decided the bear needed labeling to avoid any confusion. Bears are tricky.)
I love this wall so much because it's something tangible that I can later take down and keep to help remember our summer and the current stages of my kids (by next summer, I'm sure their artistic styles will both have changed). Plus, my own knowledge of world history grew so much while reading, and I'm really grateful for that.

1600 to 1850 covers the time period when so many countries decided to declare their independence. There was the American Revolution, of course, but also the French, Haitian, Venezuelan, and Mexican Revolutions (among others). Seeing all of these revolutions all lined up next to each other made me realize again what an absolute miracle it was that the American Revolution was such an overwhelming success. Not only were they able to successfully break away from England, but they also set up a government system based on equality and freedom that is still going strong today. The revolutions of so many other countries failed because they were driven by power and greed. They were done in the name of freedom, but in the end, they couldn't figure out how to run a country without a dictator. And sometimes, just trading dictators didn't leave a country any better off than what it was like originally. Reading about this period of history made me so grateful for the country I live in and for the founding fathers who weren't greedy for power.

One of Aaron and Maxwell's favorite stories was about Marie Madeline, a young 14-year-old girl who defended a fort in the French colonies. The Iroquois Indians attacked it, and almost everyone in the fort cowered in fear. But Marie Madeline, along with her 10- and 12-year-old brothers and an 80-year-old man, held the fort for eight days. That's the kind of stuff you could expand into its own novel.

And it's for that reason that I was so impressed with this book. Every chapter covered an important event in the history of the world. Entire books could be, and have been, written on each subject. It's an overwhelming amount of information to try to condense into a single volume. I can't imagine the amount of research that went into it and how time consuming, and at times frustrating, it must have been to try to determine how to tell such a big story in just a few words.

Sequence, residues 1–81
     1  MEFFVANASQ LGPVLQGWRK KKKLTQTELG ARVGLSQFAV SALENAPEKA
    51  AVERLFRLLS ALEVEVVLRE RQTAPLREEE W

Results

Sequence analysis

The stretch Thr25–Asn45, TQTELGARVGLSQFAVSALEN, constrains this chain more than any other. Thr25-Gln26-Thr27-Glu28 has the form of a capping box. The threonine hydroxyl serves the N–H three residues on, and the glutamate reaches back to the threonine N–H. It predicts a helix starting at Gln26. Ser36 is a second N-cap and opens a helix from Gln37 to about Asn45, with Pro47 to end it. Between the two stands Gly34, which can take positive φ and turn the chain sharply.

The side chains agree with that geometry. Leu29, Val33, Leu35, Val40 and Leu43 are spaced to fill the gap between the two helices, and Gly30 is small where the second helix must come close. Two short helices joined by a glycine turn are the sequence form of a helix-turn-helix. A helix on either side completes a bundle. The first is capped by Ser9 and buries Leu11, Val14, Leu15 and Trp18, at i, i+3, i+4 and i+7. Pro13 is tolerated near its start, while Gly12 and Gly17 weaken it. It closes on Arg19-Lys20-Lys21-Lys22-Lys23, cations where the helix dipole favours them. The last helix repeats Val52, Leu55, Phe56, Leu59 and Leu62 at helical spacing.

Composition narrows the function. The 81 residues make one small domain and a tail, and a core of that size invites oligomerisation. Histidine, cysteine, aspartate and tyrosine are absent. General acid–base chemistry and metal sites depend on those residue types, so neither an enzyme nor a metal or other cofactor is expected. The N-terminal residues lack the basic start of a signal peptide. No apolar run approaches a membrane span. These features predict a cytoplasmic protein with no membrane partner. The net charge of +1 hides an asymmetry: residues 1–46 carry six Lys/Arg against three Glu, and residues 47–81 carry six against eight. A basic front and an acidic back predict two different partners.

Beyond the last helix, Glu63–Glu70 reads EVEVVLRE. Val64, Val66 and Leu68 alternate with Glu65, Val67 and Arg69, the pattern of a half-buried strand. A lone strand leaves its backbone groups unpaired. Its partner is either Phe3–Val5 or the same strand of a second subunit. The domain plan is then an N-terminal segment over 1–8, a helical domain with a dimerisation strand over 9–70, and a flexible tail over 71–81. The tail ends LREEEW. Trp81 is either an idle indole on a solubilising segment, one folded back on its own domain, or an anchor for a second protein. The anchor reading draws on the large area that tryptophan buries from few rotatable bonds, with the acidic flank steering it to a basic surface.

But Susan Wise Bauer did just that, and I feel like the boys and I really accomplished our purpose in reading this book. We're not history buffs, but we're a lot more knowledgeable than we were before we started. I love seeing my kids' faces light up when they overheard a now-familiar name, like Louis the XIV or Frederick the Great, and they exclaim, "Hey, I remember him!"

The Story of the World, Volume 3--a book review and timeline

Station Eleven by Emily St. John Mandel

Sep 4, 2015

Okay, before I start this review, you have to understand that this is not my normal type of book. I consider myself a fairly eclectic reader, but I've read very few (um, maybe not any?) post-apocalyptic books (this review is getting off to a rough start since I can't even spell "apocalyptic"). For my part, I found this story both fascinating and frightening, but at least part of that was due to the fact that I was dropped into a world I've never really imagined. This could be just your standard, run-of-the-mill, end-of-the-world story. I have nothing to compare it to. But my hunch is it's a little more of a standout than that.

The story centers around two unrelated events that happen almost simultaneously: a famous actor dies suddenly of a heart attack while performing the part of King Lear; and the world is all but obliterated by the highly contagious and deadly Georgia flu. Within this framework, the main characters are all linked by some connection to both events.

One of these characters is Kirsten Raymonde. She was eight years old and playing the part of one of King Lear's daughters the night Arthur Leander had a heart attack. She watched him fall, saw a medical crew try unsuccessfully to revive him, and waited for her parents to pick her up from the theater (they never did). Twenty years later, she is part of a group that calls themselves the Traveling Symphony. In a desolate world, they travel between the small settlements of survivors, performing Shakespeare and music and trying to keep some beauty alive.

In one of these settlements, they find a religious cult, led by a man known simply as "the prophet." His words sound peaceable and friendly enough, but Kirsten and the Symphony can sense the underlying danger. They leave the prophet's village as quickly as possible but with disastrous consequences.

One of the few possessions Kirsten owns is a set of two graphic novels given to her by Arthur Leander shortly before he died. They were created by Miranda Carroll, Arthur's first wife, and feature another planet (actually a space station about the size of Earth's moon) known as Station Eleven. When Earth was invaded by enemy aliens, Dr. Eleven took a group of rebels and escaped on Station Eleven into the vast expanse of deep space. Station Eleven is covered almost entirely by water, and most of its inhabitants dwell in the Undersea. Many of them are tired of living meaningless lives in the middle of space. They want to return to Earth.